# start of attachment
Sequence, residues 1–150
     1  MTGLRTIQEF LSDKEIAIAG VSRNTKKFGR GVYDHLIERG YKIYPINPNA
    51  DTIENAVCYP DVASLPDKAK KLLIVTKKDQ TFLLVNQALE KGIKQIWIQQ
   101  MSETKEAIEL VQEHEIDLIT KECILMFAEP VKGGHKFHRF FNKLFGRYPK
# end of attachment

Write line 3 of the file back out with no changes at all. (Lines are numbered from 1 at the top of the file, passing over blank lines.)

    51  DTIENAVCYP DVASLPDKAK KLLIVTKKDQ TFLLVNQALE KGIKQIWIQQ